Again, these are baseless charges. While the IDF maintains a military presence in the West Bank, this area is under the overall control of the Palestinian Authority. The PA has responsibility for the civic and economic life of Palestinian Arabs and it organises elections for its population.

Certainly, the Israeli military restrictions do have an impact on the lives of ordinary civilians and that point should not be overlooked. But these restrictions, including the fence, are a vital component of Israel’s security, following a repugnant wave of terrorism that has killed and injured thousands of civilians. By contrast, black people never threatened the white minority government in South Africa.

Naturally there are some forms of discrimination that exist in Israel, as with any country in the world. In a nation which has been at war with much of the Arab world since day one, it would hardly be surprising if anti-Arab prejudice persisted in places, even if it is less prevalent than some people might imagine. Israel has taken many strides to improve the lot of her non-Jewish citizens and no doubt, there is more that can and should be done.

The point is that the discrimination which does exist is institutional, not constitutional. Israel’s laws, including the Declaration of Independence, guarantee equality for all her citizens, regardless of religion, race or sexual orientation. Thus the apartheid label amounts to nothing more than outright demonization, a blatant attempt to cast Israel as a pariah among the nations.

The irony is that apartheid is a very real phenomenon in the Middle East, that is within the Arab and Muslim world. In Sudan, the native black Sudanese have been persecuted and enslaved by Muslim Arabs for some three decades, resulting in massacres and exile for more than 2 million people. The Kurds have suffered systematic repression in Syria where they have been dispossessed and denied citizenship since the 1960s.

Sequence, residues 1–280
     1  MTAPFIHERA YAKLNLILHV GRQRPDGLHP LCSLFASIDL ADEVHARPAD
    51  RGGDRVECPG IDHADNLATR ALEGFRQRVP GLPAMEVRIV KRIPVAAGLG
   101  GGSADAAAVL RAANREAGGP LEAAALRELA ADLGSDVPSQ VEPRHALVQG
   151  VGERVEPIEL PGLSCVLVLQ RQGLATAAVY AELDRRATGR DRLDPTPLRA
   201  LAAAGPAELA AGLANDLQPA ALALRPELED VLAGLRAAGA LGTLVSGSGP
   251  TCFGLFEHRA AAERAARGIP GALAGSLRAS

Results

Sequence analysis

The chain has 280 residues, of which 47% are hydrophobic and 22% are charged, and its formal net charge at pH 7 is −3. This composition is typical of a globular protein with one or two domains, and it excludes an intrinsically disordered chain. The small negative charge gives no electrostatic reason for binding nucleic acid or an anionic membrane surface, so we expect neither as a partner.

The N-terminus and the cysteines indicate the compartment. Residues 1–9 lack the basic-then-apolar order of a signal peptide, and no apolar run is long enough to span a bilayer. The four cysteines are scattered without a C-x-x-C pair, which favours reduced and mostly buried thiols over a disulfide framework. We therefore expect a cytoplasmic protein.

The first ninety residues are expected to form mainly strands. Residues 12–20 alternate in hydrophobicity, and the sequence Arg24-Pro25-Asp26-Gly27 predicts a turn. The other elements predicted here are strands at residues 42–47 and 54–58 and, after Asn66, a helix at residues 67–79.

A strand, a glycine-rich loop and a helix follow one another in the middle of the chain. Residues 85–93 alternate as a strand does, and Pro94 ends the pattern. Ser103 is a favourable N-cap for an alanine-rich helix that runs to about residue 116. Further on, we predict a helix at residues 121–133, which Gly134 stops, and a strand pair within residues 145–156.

In Saudi Arabia’s system of religious apartheid, Christians cannot openly practise their religion and the distribution of Bibles is illegal. Indeed the relentless persecution of Christians in Muslim lands is one of the sadder aspects of recent Middle East history. Meanwhile, Mahmoud Abbas has stated that his proposed Palestinian state should be free of both Jews and gays. In classic Freudian terms, the charge of apartheid is a form of projection, an attempt to blame others for your own sins. It is a truly despicable tactic.

With this in mind, Israelis should go on the attack and expose their critics’ double standards and blatant disregard for the truth. They must force their critics to explain, and apologise for, the evils which they so readily ascribe to others. It is only then that the anti-Zionists will be revealed for the charlatans they are.

The shame of anti-semitism in British politics March 5 2012

Following her bilious and inflammatory comments about Israel last week, Baroness Jenny Tonge has been forced to resign from the Liberal Democrats. In her resignation statement this week, however, there was not the slightest hint of contrition or regret. Her comments were, to use the time honoured phrase, “taken completely out of context” and made in “protest at the treatment of Palestinians in Gaza and the West Bank”. She went on to accuse Israel of breaking international law and violating the rights of Palestinians. Moreover, she accused her party of always seeking “to abet the request of the pro-Israel lobby”. This last comment ought to raise the biggest horse laugh of all. For if anything is true, it is that her party has repeatedly failed to abet the request of pro Israel supporters to have her permanently removed from the Liberal Democrats.

Describing the Palestinian campaign of terrorism during the second intifada, Tonge said that, “If I had to live in that situation – and I say that advisedly – I might just consider becoming one (a suicide bomber) myself.” At best this could be taken as a typically ignorant attempt to articulate the motives of suicide bombers, at worst, an outright justification of terror. Two years later, she declared that the “pro-Israeli lobby has got its grips on the western world, its financial grips. I think they’ve probably got a grip on our party”.

Evoking wild conspiracy theories about the reach of Jewish power is one of the more familiar themes in modern anti semitism. Yet despite the widespread condemnation of her remarks, Tonge remained a Liberal Democrat. Then in 2010, she lent credence to the view that Israeli soldiers had harvested organs in Haiti in 2010. This time, she was swiftly demoted from her position as the Liberal Democrat health spokesman in the Lords. Quite why she had not been kicked out altogether was the real mystery though.